Dean Ashton: A Promising Career that Ended in Anguish

 

Dean Ashton was a goalscoring extraordinaire. He had an abundance of talent, but had his career tactlessly stolen from him.

In 2006, Ashton had reached the zenith of his playing career. Not only had he scored two crucial goals against Manchester City to propel West Ham into the semi-finals of the FA Cup, but he also consolidated his growing reputation by scoring another in the final against Liverpool.
Meanwhile, England experienced yet another catastrophic disappointment at the World Cup finals in Germany. Another lapse in discipline cost them on the big stage and The Three Lions were searching for another prolific forward to partner Wayne Rooney.
Ashton was being touted as a considerable candidate and Steve McClaren gave him his first international call-up in August 2006. His career was beginning to take shape. He’d established himself at the Boleyn Ground and was preparing to represent his country.

He’d achieved his biggest and wildest dreams, but things suddenly changed for the worse. Ashton was sent home from international duty, after sustaining a broken ankle via a challenge from Shaun Wright-Philips during training.
His progress was halted and Ashton missed the entirety of the 2006/07 campaign, in which West Ham spent fighting relegation. Normal service resumed once the 2007/08 season commenced and Ashton amassed 11 goals in 35 appearances in all competitions.
Yet again he was being linked with another call-up to the England squad by the press. Ashton signed a new five-year deal at West Ham and was enjoying his renaissance after such a harrowing injury set-back.
The most notable highlight from his 2007/08 season was undoubtedly his mind-blowing overhead kick against Manchester United. He was displaying the confidence of an individual with renewed optimism and with a positive attitude towards fear.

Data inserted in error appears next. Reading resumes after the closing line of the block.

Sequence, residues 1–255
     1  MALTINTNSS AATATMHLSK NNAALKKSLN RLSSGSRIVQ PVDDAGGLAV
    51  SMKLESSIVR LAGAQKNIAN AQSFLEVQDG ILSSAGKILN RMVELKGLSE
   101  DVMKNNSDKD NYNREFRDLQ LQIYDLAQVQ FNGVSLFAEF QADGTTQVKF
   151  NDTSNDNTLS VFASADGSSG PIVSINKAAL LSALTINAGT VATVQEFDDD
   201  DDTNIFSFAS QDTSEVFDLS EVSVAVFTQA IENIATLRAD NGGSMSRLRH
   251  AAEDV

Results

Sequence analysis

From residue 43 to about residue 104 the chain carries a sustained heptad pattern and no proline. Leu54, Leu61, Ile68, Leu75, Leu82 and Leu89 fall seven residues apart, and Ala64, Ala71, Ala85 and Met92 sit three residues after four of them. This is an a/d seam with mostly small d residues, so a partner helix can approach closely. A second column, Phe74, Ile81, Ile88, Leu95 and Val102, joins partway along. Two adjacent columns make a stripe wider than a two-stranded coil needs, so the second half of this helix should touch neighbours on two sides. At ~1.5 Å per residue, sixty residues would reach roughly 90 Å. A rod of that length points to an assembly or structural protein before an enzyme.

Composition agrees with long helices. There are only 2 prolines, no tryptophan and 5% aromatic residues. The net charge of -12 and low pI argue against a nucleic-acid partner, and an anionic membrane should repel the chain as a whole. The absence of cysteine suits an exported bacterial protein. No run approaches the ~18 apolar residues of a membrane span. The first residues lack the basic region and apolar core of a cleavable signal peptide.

In May 2008, Ashton had confirmed his comeback and was once again selected to play for England. Now managed by Fabio Capello, England were aiming to qualify for the 2010 FIFA World Cup, after missing out on Euro 2008.
Ashton played out the proudest moment of his career in an international friendly against Trinidad & Tobago on 1 June 2008. It would prove to be his only cap for Three Lions and it also marked the beginning of the end for Dean Ashton.
He started the 2008/09 season in fine fettle until a reoccurring ankle injury deprived him from action once again. Ashton was fighting a losing battle and reluctantly hung up his boots at just 26 years of age.
Dean Ashton was one of the most extensive forwards I’ve witnessed over the past decade. It’s upsetting that we were unable to witness his evolution as a player; because I’m convinced he would’ve been a special forward.
The sheer fact that his career is still spoken of today suggests his talent could’ve taken him to the very top. Not only was he naturally capable of scoring goals by the ton, but he also utilized his intelligence to great effect to enable his teammates to express themselves around him.
Ashton had carefully planned his road to prosperity by emerging from the shadows in League One with Crewe Alexandra to arriving in the Premier League at Norwich City. He achieved a considerable amount in his fleeting career, but the unanswered question will always remain; could he have gone onto become one of the best in his trade?

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